Do you ever worry that you will wake up one morning and discover zombies walking the streets, and you won’t be sure how to survive, where to go, or how to save the world from them? Yeah, neither do I. Not often, anyway. But that’s the situation in which characters find themselves in the book I’m reviewing today: Soulless by Christopher Golden.
The story of Soulless begins in a television studio, where three psychics are gathering to bridge a new connection with the spirit world. If the plan succeeds, ghosts will be able to cross into the living world and communicate directly to their loved ones. Of course, the seance quickly goes awry, with the spirits returning to their own dead bodies and climbing out their graves.
Zombies are an idea that have been done over and over again, especially in recent years, but Christopher Golden includes enough twists on the concept to make Soulless worth reading. The origin and behaviour of his zombies differ from the undead of other stories, yet they make sense and remain consistent with the internal logic of the novel. I don’t want to explain everything because one of the best parts of the book for me was finding out how the zombies behave and why, but needless to say, I haven’t seen another story or film that uses zombies in quite the same, interesting way. In addition, zombies are not the only enemy in Soulless; the novel also explores the horrors that regular humans can do in terrible circumstances.
I have read several books by Christopher Golden and one of his greatest strengths as a writer is his use of characters. He has written many tie-in books for films and television shows, Buffy the Vampire Slayer in particular. Many people might not consider those kinds of books artistic, but he always elevates the material because he portrays characters accurately and fully. In his own original books, he takes the same care, creating characters who are diverse and complex. One of the joys of reading Soulless was watching the eclectic cast of characters come together in an attempt to stop the zombies.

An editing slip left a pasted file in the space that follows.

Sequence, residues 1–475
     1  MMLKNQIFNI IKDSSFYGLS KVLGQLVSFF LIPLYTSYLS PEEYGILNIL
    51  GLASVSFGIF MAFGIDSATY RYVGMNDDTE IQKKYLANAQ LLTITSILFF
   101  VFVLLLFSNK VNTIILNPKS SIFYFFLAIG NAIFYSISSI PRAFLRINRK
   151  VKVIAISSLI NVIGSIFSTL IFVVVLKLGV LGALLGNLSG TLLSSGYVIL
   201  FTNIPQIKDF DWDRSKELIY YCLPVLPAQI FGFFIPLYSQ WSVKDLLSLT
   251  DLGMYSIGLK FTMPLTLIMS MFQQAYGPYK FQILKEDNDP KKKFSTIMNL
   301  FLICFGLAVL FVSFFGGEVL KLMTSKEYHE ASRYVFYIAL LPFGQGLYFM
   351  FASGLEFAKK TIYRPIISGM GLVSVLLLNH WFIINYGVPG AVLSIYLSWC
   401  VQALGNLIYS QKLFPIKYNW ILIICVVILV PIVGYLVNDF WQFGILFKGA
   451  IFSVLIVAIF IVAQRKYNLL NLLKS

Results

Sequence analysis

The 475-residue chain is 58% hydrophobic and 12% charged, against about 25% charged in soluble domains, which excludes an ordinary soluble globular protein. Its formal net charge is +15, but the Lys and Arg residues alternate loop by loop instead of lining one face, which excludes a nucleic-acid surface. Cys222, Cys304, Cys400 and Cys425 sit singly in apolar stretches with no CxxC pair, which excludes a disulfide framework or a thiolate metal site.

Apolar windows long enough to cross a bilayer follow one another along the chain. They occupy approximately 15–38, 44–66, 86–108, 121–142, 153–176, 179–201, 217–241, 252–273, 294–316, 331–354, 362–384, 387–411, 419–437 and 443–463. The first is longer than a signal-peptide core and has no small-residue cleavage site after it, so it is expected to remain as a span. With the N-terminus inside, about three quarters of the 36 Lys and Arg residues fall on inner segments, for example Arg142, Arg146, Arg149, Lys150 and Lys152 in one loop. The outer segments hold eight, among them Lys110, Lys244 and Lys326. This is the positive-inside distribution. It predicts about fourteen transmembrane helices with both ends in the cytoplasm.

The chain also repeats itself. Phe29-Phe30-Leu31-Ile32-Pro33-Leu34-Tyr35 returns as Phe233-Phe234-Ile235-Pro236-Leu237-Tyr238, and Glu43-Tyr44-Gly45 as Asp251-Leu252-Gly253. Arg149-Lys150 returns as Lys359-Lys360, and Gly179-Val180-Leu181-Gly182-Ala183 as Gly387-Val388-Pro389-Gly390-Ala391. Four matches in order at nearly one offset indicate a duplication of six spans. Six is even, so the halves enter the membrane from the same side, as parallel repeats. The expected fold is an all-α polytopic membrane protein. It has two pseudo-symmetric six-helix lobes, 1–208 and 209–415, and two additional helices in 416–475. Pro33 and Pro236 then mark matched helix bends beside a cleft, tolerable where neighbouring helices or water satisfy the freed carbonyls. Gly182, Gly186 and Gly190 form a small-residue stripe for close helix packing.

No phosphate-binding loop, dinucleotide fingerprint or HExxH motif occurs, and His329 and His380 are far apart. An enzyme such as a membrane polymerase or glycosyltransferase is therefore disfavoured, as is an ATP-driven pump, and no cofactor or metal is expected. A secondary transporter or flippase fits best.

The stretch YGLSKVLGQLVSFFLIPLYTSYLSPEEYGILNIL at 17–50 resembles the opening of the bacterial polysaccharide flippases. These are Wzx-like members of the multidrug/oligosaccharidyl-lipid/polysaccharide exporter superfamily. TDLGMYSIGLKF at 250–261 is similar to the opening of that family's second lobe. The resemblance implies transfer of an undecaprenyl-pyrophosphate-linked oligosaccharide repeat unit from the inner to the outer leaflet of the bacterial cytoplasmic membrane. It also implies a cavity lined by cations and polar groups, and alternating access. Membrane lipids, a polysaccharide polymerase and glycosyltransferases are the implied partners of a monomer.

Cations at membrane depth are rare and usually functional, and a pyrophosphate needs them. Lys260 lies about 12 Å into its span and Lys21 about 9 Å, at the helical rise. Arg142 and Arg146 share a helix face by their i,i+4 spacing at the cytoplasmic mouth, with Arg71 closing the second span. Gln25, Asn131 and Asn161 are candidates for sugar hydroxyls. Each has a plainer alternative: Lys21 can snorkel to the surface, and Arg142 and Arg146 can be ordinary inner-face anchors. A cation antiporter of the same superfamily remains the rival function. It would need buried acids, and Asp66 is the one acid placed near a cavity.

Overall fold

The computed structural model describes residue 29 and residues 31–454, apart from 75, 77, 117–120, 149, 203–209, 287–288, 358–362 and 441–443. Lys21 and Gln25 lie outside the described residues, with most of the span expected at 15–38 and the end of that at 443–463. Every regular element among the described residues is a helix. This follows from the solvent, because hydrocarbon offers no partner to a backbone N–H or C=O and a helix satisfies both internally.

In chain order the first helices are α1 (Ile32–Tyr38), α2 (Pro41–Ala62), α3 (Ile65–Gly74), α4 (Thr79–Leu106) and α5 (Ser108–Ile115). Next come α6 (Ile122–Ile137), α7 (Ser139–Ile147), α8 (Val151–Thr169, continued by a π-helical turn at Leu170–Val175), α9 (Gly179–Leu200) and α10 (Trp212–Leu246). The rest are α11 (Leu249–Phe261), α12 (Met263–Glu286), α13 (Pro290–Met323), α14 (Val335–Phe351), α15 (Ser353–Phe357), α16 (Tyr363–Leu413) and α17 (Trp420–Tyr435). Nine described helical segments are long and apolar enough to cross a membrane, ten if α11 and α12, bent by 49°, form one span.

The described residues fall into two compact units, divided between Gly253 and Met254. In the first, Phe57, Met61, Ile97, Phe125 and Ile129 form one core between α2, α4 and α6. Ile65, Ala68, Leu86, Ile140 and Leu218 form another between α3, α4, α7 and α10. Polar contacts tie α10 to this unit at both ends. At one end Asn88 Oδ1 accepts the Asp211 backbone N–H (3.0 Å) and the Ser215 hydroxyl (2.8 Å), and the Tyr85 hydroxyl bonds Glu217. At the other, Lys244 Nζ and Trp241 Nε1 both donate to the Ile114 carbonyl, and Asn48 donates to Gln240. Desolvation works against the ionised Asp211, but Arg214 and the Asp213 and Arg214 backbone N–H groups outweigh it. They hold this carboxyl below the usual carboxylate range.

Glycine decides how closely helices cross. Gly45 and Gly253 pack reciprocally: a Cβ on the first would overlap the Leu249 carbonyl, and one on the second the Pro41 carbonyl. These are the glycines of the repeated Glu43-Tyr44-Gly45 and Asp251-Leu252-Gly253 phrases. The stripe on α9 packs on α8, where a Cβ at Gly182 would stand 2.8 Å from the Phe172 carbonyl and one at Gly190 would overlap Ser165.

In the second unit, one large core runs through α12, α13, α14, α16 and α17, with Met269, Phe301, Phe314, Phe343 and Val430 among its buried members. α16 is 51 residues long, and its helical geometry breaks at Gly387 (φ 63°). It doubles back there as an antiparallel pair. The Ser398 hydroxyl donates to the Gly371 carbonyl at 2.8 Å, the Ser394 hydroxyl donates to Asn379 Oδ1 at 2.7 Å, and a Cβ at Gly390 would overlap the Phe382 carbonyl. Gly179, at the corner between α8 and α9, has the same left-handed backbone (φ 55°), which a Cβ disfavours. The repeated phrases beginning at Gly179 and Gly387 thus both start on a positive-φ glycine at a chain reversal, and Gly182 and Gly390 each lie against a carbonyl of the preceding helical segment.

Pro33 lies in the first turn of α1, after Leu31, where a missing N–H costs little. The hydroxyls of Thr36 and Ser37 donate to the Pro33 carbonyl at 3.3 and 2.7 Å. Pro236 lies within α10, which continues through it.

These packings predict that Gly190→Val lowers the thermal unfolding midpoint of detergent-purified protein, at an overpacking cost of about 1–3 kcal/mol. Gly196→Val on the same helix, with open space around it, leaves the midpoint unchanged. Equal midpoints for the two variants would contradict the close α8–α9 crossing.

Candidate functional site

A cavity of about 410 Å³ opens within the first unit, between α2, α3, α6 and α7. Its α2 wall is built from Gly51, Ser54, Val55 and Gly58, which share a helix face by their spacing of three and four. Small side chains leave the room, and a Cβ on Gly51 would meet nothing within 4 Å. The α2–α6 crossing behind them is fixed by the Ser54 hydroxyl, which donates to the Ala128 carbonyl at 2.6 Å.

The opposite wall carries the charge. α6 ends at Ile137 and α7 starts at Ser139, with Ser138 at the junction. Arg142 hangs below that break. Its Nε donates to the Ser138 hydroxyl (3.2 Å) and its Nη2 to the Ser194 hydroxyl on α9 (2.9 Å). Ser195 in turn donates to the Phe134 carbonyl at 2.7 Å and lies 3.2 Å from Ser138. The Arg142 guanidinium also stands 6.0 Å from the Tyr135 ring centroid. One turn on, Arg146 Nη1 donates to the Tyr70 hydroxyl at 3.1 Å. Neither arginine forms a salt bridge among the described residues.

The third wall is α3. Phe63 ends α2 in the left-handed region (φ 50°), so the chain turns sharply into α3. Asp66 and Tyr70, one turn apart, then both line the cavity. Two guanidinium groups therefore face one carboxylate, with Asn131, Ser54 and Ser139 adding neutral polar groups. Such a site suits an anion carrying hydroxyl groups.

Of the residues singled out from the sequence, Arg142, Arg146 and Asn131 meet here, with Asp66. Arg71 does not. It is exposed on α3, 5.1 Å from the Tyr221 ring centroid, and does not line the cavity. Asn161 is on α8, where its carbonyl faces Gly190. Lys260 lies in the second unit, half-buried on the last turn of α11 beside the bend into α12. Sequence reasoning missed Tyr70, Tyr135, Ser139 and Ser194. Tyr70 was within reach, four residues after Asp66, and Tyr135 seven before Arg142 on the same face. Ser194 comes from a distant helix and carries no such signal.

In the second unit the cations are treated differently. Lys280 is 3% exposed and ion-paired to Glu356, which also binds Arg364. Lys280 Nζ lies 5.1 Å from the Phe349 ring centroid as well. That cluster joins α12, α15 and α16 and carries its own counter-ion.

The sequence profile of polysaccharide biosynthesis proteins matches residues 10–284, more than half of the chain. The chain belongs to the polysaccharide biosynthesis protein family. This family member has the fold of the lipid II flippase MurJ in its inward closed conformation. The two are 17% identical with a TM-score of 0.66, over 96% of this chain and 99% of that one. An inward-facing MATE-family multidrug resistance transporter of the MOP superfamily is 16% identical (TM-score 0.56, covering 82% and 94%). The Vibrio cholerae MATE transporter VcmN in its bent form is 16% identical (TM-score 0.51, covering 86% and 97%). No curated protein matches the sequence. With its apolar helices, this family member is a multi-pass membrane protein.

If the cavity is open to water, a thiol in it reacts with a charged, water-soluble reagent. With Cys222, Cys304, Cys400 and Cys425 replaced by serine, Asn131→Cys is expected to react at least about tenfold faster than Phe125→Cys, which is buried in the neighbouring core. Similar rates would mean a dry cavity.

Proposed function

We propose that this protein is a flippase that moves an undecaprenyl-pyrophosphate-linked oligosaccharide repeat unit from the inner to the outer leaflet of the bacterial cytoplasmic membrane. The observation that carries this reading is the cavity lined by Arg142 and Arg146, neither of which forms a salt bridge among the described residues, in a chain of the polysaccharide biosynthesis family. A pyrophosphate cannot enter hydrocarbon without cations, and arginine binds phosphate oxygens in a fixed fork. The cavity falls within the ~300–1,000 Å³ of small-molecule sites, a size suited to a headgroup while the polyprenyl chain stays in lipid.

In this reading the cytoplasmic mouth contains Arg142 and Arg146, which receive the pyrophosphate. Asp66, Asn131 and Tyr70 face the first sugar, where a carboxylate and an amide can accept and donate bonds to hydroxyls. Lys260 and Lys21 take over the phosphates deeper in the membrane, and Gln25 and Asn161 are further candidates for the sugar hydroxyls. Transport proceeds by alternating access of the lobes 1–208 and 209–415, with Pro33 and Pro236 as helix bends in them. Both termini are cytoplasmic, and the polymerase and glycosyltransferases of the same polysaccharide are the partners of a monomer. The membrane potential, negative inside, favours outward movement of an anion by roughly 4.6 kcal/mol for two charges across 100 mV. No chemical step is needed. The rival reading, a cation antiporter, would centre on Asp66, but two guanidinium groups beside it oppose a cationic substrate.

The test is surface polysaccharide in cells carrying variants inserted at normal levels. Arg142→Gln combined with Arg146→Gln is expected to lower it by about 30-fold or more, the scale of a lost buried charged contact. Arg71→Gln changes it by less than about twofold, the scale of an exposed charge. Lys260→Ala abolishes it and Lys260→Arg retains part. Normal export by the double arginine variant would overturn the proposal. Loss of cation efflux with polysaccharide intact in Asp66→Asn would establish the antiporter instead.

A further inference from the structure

Some gore is expected when dealing with the genre of Soulless, and people who don’t like it should still beware. That said, Golden never uses gore excessively, but rather saves it for when it is most effective or important.
I should also mention that the novel is considered a young adult book. I don’t believe that the young adult label is a completely negative one and there are plenty of books meant for that audience that I enjoy. However, I don’t think anything in Soulless really limits it to a younger age group. The plot seemingly focuses on a lot of young people, but the questions that arise from the situation are relevant to people of all ages. I recommend this to anyone who likes horror fiction, regardless of age.
I give Soulless a 4.5 out of 5. The book will never be considered high literature, but Golden takes the genre and raises it to a new level, using the undead to explore the morality of the living and creating a very entertaining story in the process.